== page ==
Police Scotland faces overtime surge amid hate crime legislation fallout

Wednesday 10th April 2024 04:59 EDT

According to David Kennedy, the general secretary of the Scottish Police Federation, Police Scotland has been compelled to compensate control room personnel for overtime due to a surge in complaints under Scotland's controversial new hate crime legislation. Kennedy estimated that the expenses incurred in enforcing the law, including overtime payments and other expenditures, would amount to "hundreds of thousands" of pounds.

The Hate Crime and Public Order (Scotland) Act, which came into effect on Monday, has reportedly prompted over 6,000 complaints. This legislation, supported by the SNP government along with Labour and the Liberal Democrats, extends existing offences related to racist abuse to include age, disability, religion, sexual orientation, or transgender identity, excluding sex.

While admitting that some complaints made since the law's enactment were "vexatious," Hamza Yousaf, the SNP First Minister, acknowledged the strain on police resources. Kennedy disclosed that the additional workload has necessitated overtime payments to control room staff, who are primarily responsible for sifting through the complaints.

Kennedy emphasised that despite the influx of complaints, only a small percentage translated into actual investigations. He clarified that control room personnel are tasked with reviewing complaints to determine if they warrant further action, thereby minimising the impact on officers patrolling the streets.

Expressing concerns over the lack of additional funding or personnel to address the new law's requirements, Kennedy anticipated a lasting impact on police operations. He stressed the significant financial burden incurred by Police Scotland due to the legislation. In response to Yousaf's plea to refrain from making frivolous complaints, Kennedy reiterated the strain on police resources, highlighting the "detrimental impact" on other areas of the force. He criticised the absence of provisions for handling the additional workload imposed by the new law.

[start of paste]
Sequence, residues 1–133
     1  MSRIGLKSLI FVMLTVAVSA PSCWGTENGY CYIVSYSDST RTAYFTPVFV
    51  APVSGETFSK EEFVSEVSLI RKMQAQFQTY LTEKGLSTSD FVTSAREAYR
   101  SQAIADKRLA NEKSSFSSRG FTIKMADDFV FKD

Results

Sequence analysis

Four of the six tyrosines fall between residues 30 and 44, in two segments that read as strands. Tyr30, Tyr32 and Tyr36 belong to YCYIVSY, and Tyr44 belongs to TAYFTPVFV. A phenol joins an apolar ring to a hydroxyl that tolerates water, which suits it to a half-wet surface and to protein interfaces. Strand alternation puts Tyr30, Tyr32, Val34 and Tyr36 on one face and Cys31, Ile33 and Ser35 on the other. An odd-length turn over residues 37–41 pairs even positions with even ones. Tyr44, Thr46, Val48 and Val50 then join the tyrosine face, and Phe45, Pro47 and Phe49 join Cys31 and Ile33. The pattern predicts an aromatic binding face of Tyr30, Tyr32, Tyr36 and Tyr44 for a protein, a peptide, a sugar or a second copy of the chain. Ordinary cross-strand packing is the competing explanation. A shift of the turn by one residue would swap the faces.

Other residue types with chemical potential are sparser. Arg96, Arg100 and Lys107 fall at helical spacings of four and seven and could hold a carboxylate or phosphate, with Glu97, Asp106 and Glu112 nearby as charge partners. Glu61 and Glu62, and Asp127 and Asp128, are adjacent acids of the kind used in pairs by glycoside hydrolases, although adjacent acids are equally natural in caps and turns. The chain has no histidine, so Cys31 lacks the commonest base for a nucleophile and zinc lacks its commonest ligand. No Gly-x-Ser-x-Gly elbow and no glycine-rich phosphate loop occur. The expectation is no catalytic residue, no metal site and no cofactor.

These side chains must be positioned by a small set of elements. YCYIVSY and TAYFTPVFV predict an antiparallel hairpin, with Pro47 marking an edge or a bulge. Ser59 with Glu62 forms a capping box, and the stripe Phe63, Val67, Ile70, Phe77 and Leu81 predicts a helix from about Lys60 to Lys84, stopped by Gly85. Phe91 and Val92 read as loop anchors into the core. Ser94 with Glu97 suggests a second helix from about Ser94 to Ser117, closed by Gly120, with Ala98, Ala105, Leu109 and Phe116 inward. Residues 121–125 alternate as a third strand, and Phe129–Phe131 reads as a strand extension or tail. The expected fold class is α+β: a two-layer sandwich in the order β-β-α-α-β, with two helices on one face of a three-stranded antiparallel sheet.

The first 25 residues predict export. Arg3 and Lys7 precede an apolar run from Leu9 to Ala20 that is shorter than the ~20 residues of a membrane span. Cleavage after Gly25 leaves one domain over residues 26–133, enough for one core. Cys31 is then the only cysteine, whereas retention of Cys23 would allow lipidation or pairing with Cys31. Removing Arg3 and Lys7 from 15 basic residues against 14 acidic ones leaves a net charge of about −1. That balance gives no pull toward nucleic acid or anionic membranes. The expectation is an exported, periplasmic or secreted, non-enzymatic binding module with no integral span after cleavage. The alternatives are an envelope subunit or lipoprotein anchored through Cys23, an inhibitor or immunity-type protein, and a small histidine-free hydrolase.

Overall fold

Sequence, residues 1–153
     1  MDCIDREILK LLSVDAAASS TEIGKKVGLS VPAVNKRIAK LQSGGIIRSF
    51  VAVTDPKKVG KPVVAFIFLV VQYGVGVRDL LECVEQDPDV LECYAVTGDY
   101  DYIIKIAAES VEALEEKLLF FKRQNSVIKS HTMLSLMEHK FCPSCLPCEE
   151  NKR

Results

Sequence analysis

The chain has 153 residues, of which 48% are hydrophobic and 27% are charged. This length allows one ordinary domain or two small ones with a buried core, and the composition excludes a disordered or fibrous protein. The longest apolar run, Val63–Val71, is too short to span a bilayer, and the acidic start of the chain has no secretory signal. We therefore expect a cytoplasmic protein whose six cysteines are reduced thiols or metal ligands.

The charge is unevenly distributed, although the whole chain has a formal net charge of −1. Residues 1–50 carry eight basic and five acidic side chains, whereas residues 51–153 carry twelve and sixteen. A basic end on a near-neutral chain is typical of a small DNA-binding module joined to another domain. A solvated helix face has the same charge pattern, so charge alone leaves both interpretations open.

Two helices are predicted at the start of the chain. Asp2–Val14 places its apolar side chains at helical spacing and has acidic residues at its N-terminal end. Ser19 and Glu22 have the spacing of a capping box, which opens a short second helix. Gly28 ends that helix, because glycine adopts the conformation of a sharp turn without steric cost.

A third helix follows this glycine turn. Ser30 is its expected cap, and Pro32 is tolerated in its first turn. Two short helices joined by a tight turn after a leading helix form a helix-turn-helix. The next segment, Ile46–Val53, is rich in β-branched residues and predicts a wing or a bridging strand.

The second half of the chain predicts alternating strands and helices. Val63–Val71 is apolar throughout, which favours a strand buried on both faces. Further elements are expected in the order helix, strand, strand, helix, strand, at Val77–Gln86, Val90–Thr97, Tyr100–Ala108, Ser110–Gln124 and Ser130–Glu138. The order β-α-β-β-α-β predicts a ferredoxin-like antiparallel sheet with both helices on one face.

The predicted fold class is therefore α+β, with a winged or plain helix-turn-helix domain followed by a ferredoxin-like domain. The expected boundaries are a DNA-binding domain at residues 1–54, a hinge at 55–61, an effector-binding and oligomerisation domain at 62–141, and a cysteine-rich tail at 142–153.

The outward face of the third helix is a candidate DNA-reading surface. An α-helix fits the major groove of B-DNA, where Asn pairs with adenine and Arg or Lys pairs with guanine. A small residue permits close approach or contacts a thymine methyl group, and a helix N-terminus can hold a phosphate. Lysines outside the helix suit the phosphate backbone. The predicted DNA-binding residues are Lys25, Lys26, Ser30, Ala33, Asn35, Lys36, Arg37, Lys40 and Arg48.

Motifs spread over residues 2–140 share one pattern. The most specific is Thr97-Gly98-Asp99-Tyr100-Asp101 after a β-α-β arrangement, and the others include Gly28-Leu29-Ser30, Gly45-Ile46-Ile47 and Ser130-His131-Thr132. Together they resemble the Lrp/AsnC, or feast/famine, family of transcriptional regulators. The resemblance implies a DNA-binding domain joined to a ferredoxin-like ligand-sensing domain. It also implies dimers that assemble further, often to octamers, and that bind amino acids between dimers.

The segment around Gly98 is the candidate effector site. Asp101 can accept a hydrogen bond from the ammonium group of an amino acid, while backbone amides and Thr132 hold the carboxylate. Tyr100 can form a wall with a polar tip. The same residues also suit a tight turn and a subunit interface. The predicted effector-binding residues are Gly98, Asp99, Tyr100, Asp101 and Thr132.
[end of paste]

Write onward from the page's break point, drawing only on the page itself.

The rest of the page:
Meanwhile, JK Rowling, in a series of tweets, challenged the law and its enforcement, prompting a public exchange with Yousaf. Despite the controversy surrounding the legislation, Police Scotland confirmed that Rowling's actions did not constitute criminal behaviour.

Calum Steele, a former general secretary of the Scottish Police Federation, raised concerns about the diversion of resources from essential backroom functions to investigate hate crime reports. While acknowledging the importance of addressing hate crimes, Steele warned of potential repercussions on frontline policing due to resource allocation.

Police Scotland has reportedly refuted Steele's assertions, maintaining that resources are not being redirected from other areas of the force to handle hate crime complaints. However, the force declined to comment on the specific costs associated with overtime payments.

A Scottish Government spokesperson told Asian Voice, “Police Scotland have confirmed that online reports received since 1 April have been managed within Police Scotland contact centres and have not impacted frontline policing. The laws have a high threshold for proving offences of stirring up hatred and the supporting materials explain how the thresholds of the offences are assessed.”

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